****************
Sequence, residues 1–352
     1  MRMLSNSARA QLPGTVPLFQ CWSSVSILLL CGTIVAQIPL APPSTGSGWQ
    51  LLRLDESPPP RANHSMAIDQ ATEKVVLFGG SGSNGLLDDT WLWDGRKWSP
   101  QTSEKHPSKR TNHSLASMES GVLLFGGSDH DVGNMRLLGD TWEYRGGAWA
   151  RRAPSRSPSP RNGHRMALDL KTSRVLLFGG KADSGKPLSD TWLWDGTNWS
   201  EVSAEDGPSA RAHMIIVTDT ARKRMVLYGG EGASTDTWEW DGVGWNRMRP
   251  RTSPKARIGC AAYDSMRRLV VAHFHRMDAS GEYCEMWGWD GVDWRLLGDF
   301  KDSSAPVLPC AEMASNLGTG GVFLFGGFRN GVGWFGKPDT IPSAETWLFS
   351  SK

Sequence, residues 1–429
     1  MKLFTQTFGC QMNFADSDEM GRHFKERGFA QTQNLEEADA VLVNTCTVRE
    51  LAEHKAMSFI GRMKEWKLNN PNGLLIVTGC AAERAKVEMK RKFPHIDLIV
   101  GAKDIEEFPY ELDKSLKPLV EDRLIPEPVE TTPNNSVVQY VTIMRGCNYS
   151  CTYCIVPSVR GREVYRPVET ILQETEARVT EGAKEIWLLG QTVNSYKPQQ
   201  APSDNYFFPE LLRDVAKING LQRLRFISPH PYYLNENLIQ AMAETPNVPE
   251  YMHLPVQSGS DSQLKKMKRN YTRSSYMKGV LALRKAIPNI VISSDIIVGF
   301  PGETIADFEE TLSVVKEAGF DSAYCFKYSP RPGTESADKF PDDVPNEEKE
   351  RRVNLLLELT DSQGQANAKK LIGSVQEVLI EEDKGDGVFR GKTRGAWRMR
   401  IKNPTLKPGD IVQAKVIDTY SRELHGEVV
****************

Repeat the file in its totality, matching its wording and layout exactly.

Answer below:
Sequence, residues 1–352
     1  MRMLSNSARA QLPGTVPLFQ CWSSVSILLL CGTIVAQIPL APPSTGSGWQ
    51  LLRLDESPPP RANHSMAIDQ ATEKVVLFGG SGSNGLLDDT WLWDGRKWSP
   101  QTSEKHPSKR TNHSLASMES GVLLFGGSDH DVGNMRLLGD TWEYRGGAWA
   151  RRAPSRSPSP RNGHRMALDL KTSRVLLFGG KADSGKPLSD TWLWDGTNWS
   201  EVSAEDGPSA RAHMIIVTDT ARKRMVLYGG EGASTDTWEW DGVGWNRMRP
   251  RTSPKARIGC AAYDSMRRLV VAHFHRMDAS GEYCEMWGWD GVDWRLLGDF
   301  KDSSAPVLPC AEMASNLGTG GVFLFGGFRN GVGWFGKPDT IPSAETWLFS
   351  SK

Sequence, residues 1–429
     1  MKLFTQTFGC QMNFADSDEM GRHFKERGFA QTQNLEEADA VLVNTCTVRE
    51  LAEHKAMSFI GRMKEWKLNN PNGLLIVTGC AAERAKVEMK RKFPHIDLIV
   101  GAKDIEEFPY ELDKSLKPLV EDRLIPEPVE TTPNNSVVQY VTIMRGCNYS
   151  CTYCIVPSVR GREVYRPVET ILQETEARVT EGAKEIWLLG QTVNSYKPQQ
   201  APSDNYFFPE LLRDVAKING LQRLRFISPH PYYLNENLIQ AMAETPNVPE
   251  YMHLPVQSGS DSQLKKMKRN YTRSSYMKGV LALRKAIPNI VISSDIIVGF
   301  PGETIADFEE TLSVVKEAGF DSAYCFKYSP RPGTESADKF PDDVPNEEKE
   351  RRVNLLLELT DSQGQANAKK LIGSVQEVLI EEDKGDGVFR GKTRGAWRMR
   401  IKNPTLKPGD IVQAKVIDTY SRELHGEVV